14 Dec From Ownership to Stewardship
Unprepared children can erode family resources far quicker than poor wealth management. Yet we continue to value traditional measures of asset protection over the readiness of our children to lead our families and steward the wealth.
Over the past few years, we’ve begun to see a shift. This old model of ownership is being replaced by a new model of stewardship. The table below captures this transition:
|Old Model – Ownership||New Model – Stewardship|
|Protecting the assets||Putting assets to use|
|Financial capital||Human and intellectual capital|
|External governance||Self governance|
|Limited information sharing||Transparency of information|
|Limited decision making||Collaborative decision making|
|Education by external institution||Education tailored to each individual|
|Profits||Profit with purpose|
|Assets transferred after death||Assets shared when alive|
Figure 1: From Ownership to Stewardship
This new model is central to our philosophy. As a result, I’ve been examining these ideas with different families and family advisers and have recorded some of these conversations in the podcast series ‘At the Kitchen Table’. A good example of the difference between the old way and the new way was in my first interview, with my father.
My family story goes back six generations, and our history links to the Lousiana purchase. I picked up the story with Dad when he became the executor of my grandmother’s estate. What I learned through this conversation was that the strategy and overriding focus passed down from his father was tax effectiveness. The purpose for my father was to split the assets (which included businesses, trailer parks in Washington and land in Louisiana) and give each sibling their own share as efficiently as possible. There was no consideration given to the enduring legacy of the wealth into future generations.
Imagine what could have been achieved if my family had worked together and stewarded that wealth. My Uncles and Aunts are all pilots and teachers, yet the potential conflict and the tax implications won over. My Dad believed the worst outcome was to attempt to make decisions by committee.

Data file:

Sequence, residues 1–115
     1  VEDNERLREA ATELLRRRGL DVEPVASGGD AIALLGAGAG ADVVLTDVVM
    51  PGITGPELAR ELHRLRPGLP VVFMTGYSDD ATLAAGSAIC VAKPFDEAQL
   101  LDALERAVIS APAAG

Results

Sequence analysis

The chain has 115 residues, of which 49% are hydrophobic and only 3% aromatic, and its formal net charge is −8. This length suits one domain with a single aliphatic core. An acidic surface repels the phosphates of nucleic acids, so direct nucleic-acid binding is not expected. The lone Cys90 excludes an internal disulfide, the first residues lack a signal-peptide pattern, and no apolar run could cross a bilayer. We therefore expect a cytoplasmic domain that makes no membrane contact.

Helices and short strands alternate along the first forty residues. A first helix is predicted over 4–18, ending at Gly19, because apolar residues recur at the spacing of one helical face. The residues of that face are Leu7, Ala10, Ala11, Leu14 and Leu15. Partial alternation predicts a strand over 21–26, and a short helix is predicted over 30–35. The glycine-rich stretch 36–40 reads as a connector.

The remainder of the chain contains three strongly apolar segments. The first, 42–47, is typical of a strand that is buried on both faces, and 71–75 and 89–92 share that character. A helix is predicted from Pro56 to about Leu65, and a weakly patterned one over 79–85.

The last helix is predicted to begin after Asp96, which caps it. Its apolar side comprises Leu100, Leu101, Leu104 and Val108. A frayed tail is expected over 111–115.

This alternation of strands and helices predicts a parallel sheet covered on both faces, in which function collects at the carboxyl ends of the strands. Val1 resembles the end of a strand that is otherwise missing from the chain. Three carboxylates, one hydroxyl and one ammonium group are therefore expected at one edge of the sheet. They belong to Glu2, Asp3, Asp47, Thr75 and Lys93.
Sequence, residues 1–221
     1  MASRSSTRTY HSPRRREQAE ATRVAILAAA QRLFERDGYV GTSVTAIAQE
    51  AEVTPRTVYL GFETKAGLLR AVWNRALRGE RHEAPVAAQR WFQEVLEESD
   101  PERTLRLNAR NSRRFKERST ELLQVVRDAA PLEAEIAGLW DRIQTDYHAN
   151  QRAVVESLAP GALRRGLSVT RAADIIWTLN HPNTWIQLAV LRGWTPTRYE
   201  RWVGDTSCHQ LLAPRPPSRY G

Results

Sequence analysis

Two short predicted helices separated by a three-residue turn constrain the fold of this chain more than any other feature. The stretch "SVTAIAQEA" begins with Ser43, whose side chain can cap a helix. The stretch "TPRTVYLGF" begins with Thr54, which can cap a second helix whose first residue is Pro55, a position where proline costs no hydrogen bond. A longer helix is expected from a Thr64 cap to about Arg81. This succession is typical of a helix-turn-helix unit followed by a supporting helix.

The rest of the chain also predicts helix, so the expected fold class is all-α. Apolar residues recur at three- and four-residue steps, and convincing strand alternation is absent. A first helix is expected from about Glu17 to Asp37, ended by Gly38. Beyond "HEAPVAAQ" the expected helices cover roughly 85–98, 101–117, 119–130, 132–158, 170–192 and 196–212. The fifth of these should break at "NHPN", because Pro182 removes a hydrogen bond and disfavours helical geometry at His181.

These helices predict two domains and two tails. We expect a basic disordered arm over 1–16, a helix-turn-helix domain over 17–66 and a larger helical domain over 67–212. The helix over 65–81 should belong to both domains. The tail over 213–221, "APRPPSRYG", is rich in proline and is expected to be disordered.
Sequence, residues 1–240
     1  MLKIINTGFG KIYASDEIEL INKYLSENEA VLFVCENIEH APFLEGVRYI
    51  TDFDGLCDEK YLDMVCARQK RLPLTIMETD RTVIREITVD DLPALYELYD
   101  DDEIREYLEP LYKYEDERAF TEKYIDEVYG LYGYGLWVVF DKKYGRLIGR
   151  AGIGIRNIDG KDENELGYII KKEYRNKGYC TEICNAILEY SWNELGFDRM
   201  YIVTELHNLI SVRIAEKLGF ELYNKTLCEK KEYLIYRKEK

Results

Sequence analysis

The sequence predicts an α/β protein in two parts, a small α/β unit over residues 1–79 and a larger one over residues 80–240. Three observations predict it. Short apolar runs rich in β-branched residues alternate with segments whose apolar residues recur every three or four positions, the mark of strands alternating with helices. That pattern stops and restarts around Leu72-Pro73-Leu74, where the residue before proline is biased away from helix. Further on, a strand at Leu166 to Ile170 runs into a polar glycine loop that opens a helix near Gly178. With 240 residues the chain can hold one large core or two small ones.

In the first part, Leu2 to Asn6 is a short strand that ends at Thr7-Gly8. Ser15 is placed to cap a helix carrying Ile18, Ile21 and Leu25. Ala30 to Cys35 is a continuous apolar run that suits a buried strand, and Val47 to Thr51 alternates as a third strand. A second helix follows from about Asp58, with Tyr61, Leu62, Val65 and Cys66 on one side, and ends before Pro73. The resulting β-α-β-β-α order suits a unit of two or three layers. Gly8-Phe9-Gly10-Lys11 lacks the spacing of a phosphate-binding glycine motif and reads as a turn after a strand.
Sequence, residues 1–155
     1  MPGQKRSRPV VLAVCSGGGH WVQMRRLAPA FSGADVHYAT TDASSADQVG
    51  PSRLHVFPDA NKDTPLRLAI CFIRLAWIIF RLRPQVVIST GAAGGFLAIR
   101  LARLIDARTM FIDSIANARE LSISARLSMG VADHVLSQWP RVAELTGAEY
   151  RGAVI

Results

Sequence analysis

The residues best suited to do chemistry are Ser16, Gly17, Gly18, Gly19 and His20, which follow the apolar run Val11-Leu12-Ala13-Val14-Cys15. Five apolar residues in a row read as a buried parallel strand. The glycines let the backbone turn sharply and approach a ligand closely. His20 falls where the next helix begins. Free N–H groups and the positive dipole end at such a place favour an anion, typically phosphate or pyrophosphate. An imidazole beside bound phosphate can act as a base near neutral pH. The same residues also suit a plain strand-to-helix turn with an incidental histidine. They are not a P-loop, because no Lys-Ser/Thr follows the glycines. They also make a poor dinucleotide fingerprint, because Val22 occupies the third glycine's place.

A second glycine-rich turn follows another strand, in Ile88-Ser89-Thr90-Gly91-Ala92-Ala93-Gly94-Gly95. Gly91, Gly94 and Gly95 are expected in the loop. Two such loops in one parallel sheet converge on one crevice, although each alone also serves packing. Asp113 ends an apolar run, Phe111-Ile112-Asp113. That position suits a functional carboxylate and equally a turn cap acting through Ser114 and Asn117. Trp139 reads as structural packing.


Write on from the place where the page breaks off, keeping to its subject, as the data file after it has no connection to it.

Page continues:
As a juxtaposition to this story, the new way appreciates the human and intellectual capital and the rewards that come from putting assets to use as a family. It takes some work: a commitment to push through tough situations and a structure that respects everyone’s unique strengths and ambitions. If this can be achieved, it sets up a self-governing process that can be richly rewarding for the family members involved. It can sustain the values of the family, bring the family together and encourage collaboration.
There is also a growing movement amongst the new generation on social consciousness. This is manifested in a shift from family responsibility (providing for my family) to social responsibility (giving back to society).
The new way focuses on putting wisdom and wealth to use in order to maximise the human and intellectual capital in the family. It also acknowledges that while institutional learning has its merits, there are certain elements of leadership development and financial literacy that need to be personalised in the context of the family and the individual. The best corporate learning programs integrate coaching with traditional learning mechanisms.
The new way accepts the past as it is and shifts the family’s focus to the present and future generations. It is about creating situations that allow families to work together right away rather than wait for the loss of a loved one, a familly crisis or some other life event. It encourages families to look at the resources within the family and examine how they can be used now. It asks wealth creators to experience and guide the transition of assets so they are able to enjoy the process and contribute in a meaningful way.
Which way is your family going?